Title:
Flow-operated valve
United States Patent 6533037


Abstract:
A tool string, such as one used for performing fracturing operations or other types of operations, includes a valve, a valve operator, and a sealing assembly that in one arrangement includes packers to define a sealed zone. The tool string is carried on a tubing, through which fluid flow may be pumped to the sealed zone. The valve operator is actuated in response to fluid flow above a predetermined flow rate. When the flow rate at greater than the predetermined flow rate does not exist, the valve operator remains in a first position that corresponds to the valve being open. However, in response to a fluid flow rate at greater than the predetermined flow rate, the valve operator is actuated to a second position to close the valve.



Inventors:
Eslinger, David M. (Broken Arrow, OK)
Mcgill, Howard L. (Lufkin, TX)
Costley, James M. (Freeport, TX)
Sheffield, Randolph J. (Missouri City, TX)
Zemlak, Warren M. (Sugar Land, TX)
Application Number:
09/725779
Publication Date:
03/18/2003
Filing Date:
11/29/2000
Assignee:
Schlumberger Technology Corporation (Sugar Land, TX)
Primary Class:
Other Classes:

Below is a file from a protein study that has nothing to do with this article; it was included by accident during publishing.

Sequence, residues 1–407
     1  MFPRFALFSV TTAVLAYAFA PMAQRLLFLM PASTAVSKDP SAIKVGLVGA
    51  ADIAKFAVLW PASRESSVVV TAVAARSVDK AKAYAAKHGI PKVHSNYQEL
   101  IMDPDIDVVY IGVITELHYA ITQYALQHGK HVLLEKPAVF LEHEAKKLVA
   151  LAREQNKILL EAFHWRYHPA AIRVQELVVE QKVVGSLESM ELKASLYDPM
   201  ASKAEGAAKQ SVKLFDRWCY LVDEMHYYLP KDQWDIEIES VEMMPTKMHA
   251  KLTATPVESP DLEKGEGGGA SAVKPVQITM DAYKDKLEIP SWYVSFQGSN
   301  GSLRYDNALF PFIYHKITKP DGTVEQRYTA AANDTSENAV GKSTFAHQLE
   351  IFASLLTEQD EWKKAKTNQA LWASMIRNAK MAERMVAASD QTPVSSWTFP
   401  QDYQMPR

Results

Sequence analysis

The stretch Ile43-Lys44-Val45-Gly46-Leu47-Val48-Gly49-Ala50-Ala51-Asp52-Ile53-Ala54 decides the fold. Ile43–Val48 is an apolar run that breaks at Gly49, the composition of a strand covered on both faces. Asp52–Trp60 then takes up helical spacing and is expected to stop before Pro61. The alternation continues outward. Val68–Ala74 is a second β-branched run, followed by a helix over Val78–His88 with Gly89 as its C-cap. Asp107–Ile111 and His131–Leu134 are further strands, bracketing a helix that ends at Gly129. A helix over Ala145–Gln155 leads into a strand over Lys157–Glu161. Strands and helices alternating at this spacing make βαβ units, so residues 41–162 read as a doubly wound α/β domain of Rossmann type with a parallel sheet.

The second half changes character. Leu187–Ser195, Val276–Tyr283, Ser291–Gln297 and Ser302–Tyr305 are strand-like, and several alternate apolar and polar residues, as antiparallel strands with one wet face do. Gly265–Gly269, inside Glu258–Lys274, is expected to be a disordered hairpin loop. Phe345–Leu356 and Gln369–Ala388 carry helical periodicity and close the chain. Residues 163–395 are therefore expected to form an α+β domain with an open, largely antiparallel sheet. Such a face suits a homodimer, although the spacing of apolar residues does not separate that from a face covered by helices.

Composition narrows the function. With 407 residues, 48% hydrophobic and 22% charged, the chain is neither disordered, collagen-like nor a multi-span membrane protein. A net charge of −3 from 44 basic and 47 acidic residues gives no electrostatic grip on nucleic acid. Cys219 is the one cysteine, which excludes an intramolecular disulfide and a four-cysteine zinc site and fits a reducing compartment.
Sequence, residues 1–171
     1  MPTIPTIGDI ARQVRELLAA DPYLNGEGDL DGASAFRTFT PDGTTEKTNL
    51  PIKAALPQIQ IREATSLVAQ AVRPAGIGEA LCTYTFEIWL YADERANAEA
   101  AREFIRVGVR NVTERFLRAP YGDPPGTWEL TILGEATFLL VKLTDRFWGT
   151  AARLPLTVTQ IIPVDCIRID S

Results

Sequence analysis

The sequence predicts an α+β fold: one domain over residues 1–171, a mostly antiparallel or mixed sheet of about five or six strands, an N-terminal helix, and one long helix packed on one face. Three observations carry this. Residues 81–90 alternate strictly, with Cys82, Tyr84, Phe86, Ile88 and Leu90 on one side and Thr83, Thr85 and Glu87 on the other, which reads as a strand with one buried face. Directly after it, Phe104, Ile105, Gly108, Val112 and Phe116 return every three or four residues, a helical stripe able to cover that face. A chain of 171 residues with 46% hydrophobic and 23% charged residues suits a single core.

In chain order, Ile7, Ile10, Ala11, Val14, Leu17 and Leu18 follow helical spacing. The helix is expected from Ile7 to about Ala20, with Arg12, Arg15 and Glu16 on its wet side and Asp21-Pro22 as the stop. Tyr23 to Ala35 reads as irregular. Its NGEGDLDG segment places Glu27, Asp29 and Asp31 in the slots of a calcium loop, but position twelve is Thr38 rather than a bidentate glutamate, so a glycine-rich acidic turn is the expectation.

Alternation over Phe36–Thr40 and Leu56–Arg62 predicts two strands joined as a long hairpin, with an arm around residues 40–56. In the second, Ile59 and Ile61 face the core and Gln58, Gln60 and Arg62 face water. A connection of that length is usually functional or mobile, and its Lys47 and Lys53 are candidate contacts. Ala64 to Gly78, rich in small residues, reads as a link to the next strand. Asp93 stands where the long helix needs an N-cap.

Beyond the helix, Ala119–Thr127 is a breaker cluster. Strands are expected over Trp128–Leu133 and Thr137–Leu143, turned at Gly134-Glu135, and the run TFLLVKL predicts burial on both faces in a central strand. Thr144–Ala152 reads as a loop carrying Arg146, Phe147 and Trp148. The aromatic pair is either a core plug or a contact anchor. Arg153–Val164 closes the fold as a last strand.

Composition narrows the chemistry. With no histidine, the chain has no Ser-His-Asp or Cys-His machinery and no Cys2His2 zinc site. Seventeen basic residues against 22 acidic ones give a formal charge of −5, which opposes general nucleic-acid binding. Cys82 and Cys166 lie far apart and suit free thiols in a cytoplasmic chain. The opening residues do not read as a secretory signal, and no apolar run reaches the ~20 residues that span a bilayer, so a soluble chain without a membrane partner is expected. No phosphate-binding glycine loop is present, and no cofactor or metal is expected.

166/177.5, 166/308.1, 166/332.1
International Classes:
E21B34/10; E21B43/26; (IPC1-7): E21B34/10; E21B43/26
Field of Search:
166/332.1, 166/319, 166/183, 166/118, 166/381, 166/308, 166/129, 166/320, 166/177.5
View Patent Images:
US Patent References:
6206133Clamped receiver array using tubing conveyed packer elements2001-03-27Paulsson166/206
5456322Coiled tubing inflatable packer with circulating port1995-10-10Tucker et al.166/386
5361836Straddle inflatable packer system1994-11-08Sorem et al.166/187
5295393Fracturing method and apparatus1994-03-22Thiercelin166/271
5291947Tubing conveyed wellbore straddle packer system1994-03-08Stracke166/187
4815538Wash tool for well having perforated casing1989-03-28Burroughs166/186
3430701TREATING INHOMOGENEOUS SUBTERRANEAN FORMATIONS1969-03-04Canada166/156
3361204Method and apparatus for treating an underground formation1968-01-02Howard et al.166/186



Other References: